Executives who have recently located facilities in Suwanee also cite the two "F"s – fiber and friendliness.
Michael Kurtz, Southeast general manager for Quality Technology Services
, says fiber was "absolutely critical" to his company's selection of its Satellite Boulevard location. The firm employs 150 workers at its 375,000-sq.-ft. data center.
"Space, power and pipe, or fiber, are the three critical factors for us," Kurtz says. "We purchased an old e-DeltaCom facility in Suwanee because of these factors. AT&T, TimeWarner and Verizon are all our partners. That network is critical to us and our customers. There are fiber connections to all the major players."
Mitsubishi Electric operates a 147,000-sq.-ft. warehouse and 25,000-sq.-ft. office in the Shawnee Ridge business park.
Kurtz also cites the "tremendous support of Gwinnett County and the City of Suwanee. They assisted us in doing surveys for process improvement and employee skill sharpening. We invest a lot in our employees, so retention of skills is absolutely imperative for us. Tapping into the program at Gwinnett Technical College to support our training was critical."
John Gabilondo, director of operations and logistics for the business services group of Mitsubishi Electric
's HVAC Division, says his firm selected Suwanee because of its real estate and friendliness.
"We looked at about 12 available properties in Gwinnett, but most didn't suit our needs," he says. "Most were either vacant or spec space. We found an undeveloped site that we liked in Suwanee and designed the building. The mayor got involved in helping us. The economic development team assisted us. Even the police chief came over and introduced himself. This place is kind of like Mayberry. It wasn't the money that attracted us. We came because we knew we were getting a nice piece of property, and the city really cared about us."
Gabilondo says his firm "liked the developer a lot. The presence of IDI, and the architect they hired to design our facility, was the biggest selling point."
Today, the company operates a 147,000-sq.-ft. warehouse and 25,000-sq.-ft. office at the corner of Lawrenceville-Suwanee Road and Satellite Boulevard. The firm employs 85 people at the site in the Shawnee Ridge business park.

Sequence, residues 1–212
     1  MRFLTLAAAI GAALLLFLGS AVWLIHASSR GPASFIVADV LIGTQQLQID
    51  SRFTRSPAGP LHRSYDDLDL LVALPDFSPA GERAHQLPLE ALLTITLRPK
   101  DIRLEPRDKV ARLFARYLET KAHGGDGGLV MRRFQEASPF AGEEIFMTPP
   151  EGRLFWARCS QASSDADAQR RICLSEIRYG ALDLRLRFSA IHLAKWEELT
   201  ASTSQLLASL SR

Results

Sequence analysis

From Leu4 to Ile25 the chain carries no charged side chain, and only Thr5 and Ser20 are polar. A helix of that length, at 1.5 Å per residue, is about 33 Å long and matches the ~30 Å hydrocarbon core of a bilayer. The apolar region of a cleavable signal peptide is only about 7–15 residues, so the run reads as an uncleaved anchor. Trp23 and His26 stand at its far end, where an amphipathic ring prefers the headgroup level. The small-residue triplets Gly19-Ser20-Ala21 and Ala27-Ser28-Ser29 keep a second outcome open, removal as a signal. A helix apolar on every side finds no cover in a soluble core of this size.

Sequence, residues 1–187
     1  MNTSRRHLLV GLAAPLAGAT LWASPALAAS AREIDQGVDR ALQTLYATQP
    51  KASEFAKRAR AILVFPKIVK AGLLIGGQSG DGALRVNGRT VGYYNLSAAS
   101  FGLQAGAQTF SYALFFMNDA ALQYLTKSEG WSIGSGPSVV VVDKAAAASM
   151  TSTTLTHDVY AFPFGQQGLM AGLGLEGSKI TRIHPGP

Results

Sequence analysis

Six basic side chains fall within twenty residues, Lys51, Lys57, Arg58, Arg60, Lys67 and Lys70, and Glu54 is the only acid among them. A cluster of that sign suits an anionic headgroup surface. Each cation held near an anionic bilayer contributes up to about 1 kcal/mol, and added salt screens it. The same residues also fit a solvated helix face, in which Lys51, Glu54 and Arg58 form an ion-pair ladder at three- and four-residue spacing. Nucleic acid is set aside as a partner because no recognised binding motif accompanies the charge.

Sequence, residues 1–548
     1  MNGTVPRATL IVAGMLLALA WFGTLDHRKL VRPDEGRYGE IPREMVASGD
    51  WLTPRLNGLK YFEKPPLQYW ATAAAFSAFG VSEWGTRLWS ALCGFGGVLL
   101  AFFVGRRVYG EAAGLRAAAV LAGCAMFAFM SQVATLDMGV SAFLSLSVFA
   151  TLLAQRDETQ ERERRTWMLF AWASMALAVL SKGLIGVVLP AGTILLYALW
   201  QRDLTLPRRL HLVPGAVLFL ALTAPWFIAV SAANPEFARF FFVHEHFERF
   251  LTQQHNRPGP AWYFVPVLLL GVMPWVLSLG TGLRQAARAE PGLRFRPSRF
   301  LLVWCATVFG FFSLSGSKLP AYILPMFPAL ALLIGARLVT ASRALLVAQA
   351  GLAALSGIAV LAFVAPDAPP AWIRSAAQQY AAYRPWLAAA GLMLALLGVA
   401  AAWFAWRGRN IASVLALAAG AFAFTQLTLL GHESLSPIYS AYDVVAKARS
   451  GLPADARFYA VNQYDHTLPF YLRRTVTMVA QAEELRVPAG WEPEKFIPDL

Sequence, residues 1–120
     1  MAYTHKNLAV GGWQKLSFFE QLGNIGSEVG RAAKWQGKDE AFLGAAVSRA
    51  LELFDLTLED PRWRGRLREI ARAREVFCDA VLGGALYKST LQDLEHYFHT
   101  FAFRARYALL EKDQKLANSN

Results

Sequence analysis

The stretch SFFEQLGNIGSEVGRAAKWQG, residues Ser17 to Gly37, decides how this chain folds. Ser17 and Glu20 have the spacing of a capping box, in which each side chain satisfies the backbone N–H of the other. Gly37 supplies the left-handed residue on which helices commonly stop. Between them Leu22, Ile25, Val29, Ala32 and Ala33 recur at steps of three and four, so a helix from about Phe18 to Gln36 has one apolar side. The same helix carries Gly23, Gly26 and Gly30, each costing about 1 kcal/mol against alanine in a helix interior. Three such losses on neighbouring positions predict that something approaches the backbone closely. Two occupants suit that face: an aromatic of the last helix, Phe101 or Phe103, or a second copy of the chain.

Meggitt Defense Systems recently located in a new 200,000-sq.-ft. building in Suwanee. The $80-million investment creates 400 jobs.
Business Parks for the Future
A common theme for executives who located facilities in Suwanee is the presence of high-quality business parks and the infrastructure that supports them.
Another developer at the forefront of that effort is Opus South Corp., which is developing a 148-acre, mixed-use project called the Terraces at Suwanee Gateway at the intersection of I-85 and Lawrenceville-Suwanee Road. Upon completion, the project will include 580,000 sq. ft. of Class A office space, 360,000 sq. ft. of retail, 138 luxury townhomes, 340 urban-style apartments, 14 retail outparcels, a full-service hotel and conference center, and a "town center" with a secured parking deck.
William Valentine, real estate manager for Opus South, notes that "large, mixed-use projects are not yet prevalent in northern Gwinnett. We are one of the first, and a lot of the users will respond positively to that."
He adds that Suwanee's visionary plan for the future was a principal draw for Opus South. "Suwanee is a very progressive place, and their land planning is reflective of that," he notes. "I think that Suwanee Gateway has a lot of those fingerprints on it."
As more companies follow suit – Hewlett Packard
, Meggitt Defense Systems
and Dish Network
are just a few of the high-tech employers to call Suwanee home since 2005 – the city's leaders believe that quality planning is the key to preserving the community's unique value.